I had another doctor appointment today, this time with the other doctor in the practice. She also seemed nice, and everything seems like it's going just fine. She wants me to take a glucose tolerance test next week, the one-hour one. I wasn't too surprised by that, considering I am at a pretty high risk for developing gestational diabetes. Both my mom and aunt have type 2 diabetes, this is my sixth pregnancy, and I have had 2 babies over 9 pounds. I'm surprised I didn't have to take an early test with the last pregnancy, to be honest. Not something to look forward to, though. Bleh.
One thing I thought was a little odd was you know how doctors always have those drug company posters lining their walls? Well, the ones in this exam room were all for some form of birth control! There was a big one comparing 3 different kinds of permanent sterilization, and some more with various kinds of birth control pills, etc. Weird. I like the ones with developing babies on them! Then, during the appointment, she had to ask all the questions about all my previous pregnancies, since we didn't cover that in my last "probationary" appointment, LOL.
Doctor: "Are you considering some form of permanent sterilazation when you are done with this pregnancy?"
Me: "Umm, no."
Doctor: "Well, will you be considering changing to some form of more reliable birth control?"
Me: "Umm, no, not really."
Doctor: "Well, you realize you are at a greater risk for uterine rupture, hemorrhage, etc., since you've had so many children."
Doctor: "Is this going to be your last baby?"
Me: "I really don't know! Maybe, maybe not. We'll have to see."
Geesh! Enough with the sterilization talk! It makes me want to commit to singlehandedly driving up the birthrate over here! So I'm thinking that these doctors are maybe not big proponents of big families, LOL. I mean, really. I'm sure that women who have large families do have a slightly greater risk of those things, but I personally know a lot of women with many more kids than me, and they have all been fine. In fact, my friend Christine, to whom I was relating the conversation, said that she grew up in Irish Catholic Boston, where almost everyone she knew had 8-9 kids, and she didn't know anyone who had any of those issues! Oh well. It's not like I can change doctors, LOL, or that military doctors would be any better about this issue. But then I got this Elizabeth Elliot devotional in my email today, and it actually spoke to some of these issues, although from the perspective of a worried grandmother.
When I learned that my daughter Valerie was expecting number five, my insides tied themselves in knots.
Val and Walt were both very peaceful about it, willing to receive this child as they had received the others--as a gift from the Lord, remembering His words, "Whoever welcomes this child in my name welcomes me" (Luke 9:48, NIV). But my imagination ran to the future and its seeming impossibilities--"Poor dear Val. She has her hands more than full. What will she do with five?" Before she was married Valerie had told me that she hoped the Lord would give her six. I had smiled to myself, thinking she would probably revise that number after the first three or four. Practical considerations rose like thunderclouds in my mind. Money. Another room to be built onto the house. Homeschooling (Valerie was teaching two already!) How would the new child receive the attention he needed? Etc., etc.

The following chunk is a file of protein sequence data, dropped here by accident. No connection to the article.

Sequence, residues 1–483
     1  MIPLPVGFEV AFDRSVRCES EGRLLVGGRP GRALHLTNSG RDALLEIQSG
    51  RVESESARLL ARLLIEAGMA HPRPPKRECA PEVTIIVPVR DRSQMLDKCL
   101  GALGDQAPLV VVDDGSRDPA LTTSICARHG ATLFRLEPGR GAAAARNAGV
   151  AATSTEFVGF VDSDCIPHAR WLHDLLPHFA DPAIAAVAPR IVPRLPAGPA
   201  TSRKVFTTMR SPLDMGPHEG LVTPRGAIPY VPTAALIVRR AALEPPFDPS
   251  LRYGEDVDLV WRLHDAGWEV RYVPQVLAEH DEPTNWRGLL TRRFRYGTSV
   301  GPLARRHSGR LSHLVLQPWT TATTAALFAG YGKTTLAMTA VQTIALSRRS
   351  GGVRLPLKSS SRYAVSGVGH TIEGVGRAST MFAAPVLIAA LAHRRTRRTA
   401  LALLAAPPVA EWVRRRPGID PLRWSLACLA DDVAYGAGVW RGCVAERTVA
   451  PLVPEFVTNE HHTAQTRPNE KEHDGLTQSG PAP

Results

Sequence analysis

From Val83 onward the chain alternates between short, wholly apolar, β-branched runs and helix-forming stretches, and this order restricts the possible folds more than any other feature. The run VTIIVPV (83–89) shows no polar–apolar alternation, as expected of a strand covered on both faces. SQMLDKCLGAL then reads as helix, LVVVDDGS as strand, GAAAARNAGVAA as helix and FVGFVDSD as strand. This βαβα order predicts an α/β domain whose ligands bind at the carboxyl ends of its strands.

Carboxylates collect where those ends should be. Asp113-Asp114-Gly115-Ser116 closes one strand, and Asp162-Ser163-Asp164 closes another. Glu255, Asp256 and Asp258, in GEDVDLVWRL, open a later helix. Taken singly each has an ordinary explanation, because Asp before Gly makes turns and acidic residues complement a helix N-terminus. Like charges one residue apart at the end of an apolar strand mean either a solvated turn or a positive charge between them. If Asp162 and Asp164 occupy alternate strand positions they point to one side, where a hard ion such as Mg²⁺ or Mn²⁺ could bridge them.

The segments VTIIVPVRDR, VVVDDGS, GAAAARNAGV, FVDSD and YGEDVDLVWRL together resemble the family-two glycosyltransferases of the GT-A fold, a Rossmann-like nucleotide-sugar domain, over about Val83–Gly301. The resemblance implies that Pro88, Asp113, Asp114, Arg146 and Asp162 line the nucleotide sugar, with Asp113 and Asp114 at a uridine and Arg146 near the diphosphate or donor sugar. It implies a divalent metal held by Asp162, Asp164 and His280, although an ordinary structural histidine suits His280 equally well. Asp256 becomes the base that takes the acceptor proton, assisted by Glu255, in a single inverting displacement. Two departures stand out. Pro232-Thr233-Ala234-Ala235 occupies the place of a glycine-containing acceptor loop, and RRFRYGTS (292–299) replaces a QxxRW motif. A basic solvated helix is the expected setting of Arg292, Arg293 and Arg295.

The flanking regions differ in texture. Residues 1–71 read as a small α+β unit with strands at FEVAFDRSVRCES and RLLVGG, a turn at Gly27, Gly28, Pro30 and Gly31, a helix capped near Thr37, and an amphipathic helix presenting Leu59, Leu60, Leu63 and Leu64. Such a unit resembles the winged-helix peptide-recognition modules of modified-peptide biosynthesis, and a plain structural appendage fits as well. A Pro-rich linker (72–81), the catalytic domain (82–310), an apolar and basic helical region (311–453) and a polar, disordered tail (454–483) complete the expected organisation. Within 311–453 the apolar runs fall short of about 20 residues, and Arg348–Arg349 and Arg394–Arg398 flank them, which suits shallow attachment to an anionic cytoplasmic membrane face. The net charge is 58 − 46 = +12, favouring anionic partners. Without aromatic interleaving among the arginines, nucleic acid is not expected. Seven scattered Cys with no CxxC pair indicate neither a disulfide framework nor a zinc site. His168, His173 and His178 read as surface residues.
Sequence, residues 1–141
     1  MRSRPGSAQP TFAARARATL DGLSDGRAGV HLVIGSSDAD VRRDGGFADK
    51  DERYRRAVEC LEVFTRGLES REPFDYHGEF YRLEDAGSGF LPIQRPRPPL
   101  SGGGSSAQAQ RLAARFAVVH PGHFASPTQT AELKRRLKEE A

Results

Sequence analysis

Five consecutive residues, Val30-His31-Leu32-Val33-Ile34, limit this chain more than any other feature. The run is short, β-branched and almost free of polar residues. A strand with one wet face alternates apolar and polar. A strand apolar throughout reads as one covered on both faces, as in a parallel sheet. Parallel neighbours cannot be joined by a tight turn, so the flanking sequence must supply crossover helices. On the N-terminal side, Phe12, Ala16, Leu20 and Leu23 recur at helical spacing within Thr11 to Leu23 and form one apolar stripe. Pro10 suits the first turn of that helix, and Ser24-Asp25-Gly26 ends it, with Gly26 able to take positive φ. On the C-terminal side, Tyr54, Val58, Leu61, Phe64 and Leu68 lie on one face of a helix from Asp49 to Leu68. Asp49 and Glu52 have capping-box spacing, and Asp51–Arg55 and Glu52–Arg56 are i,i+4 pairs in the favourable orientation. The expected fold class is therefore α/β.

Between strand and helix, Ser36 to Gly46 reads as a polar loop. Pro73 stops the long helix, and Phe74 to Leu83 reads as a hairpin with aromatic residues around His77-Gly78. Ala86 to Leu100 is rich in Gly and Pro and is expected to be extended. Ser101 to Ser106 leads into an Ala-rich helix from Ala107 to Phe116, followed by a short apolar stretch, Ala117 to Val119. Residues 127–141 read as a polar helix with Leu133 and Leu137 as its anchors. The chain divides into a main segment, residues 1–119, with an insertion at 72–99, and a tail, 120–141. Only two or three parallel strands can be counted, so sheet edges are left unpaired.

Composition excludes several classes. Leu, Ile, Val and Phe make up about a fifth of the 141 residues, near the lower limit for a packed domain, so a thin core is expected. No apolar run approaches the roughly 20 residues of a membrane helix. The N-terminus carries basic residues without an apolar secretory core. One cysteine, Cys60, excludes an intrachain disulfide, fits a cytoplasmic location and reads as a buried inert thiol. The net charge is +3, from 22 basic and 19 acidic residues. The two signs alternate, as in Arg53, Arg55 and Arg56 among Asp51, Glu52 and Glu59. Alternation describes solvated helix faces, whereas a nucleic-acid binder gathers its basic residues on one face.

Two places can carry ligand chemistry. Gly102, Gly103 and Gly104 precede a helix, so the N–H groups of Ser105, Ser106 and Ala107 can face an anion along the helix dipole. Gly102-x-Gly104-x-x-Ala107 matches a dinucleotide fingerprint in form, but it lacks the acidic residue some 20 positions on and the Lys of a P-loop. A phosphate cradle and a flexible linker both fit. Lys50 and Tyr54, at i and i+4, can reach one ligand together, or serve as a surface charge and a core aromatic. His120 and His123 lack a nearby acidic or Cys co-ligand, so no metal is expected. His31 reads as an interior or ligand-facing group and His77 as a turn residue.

Then I began to look at the advantages. I was one of six children myself, and loved growing up in a big family. Children learn early what it means to help and to share, to take responsibility and to make sacrifices, to give place to others, to cooperate and deny themselves. Why all this turmoil in my soul? Well, because I loved my child! She was tired! Her hands were full! Maybe later, maybe when the others were old enough to help more, maybe... O Lord!
I tried to talk to God about it. Breakfast time came, we ate, washed dishes, school began in the children's schoolroom, and I went to my room, my heart churning. What does one do?
I write this because troubled young women have come to me not understanding their mothers' reactions to the news of another baby. Was it resentment? Did they not love the grandchildren they had? Why would they not want more? Was it nothing but a meddle-some yen to run their children's lives? Was it a revelation of a worse attitude--an unwillingness to let God be God?
It was this last question that I knew I must wrestle with as I knelt in the bedroom. Most things that trouble us deeply come down to that. I had to bring each of my wrong responses definitely and specifically to God, lay them honestly before Him (He already knew exactly what I was thinking), confess my pride and silliness, and then, just as definitely accept His sovereign and loving will for Valerie, for her family, and for me as the granny. Only God knew how many countless others, even in future generations, He had in mind in bringing this particular child into the Shepard family. He was granting this family the privilege of offering sacrifices for Him, participating in His grand designs. YES, LORD. Your will is my conscious choice. Nothing more. Nothing less. Nothing else.
Even though the feelings don't evaporate at once, they have been surrendered, and the Lord knows what to do with them. Mine had to be surrendered over and over again, but He took them, and over the next few days He transformed them. And when the news of Number Six was broken to me two years later, I was able to say Thank You, Lord, and to add that tiny unknown one to my prayer list.
Evangeline Mary, born November 9, 1988, was lovingly welcomed by all.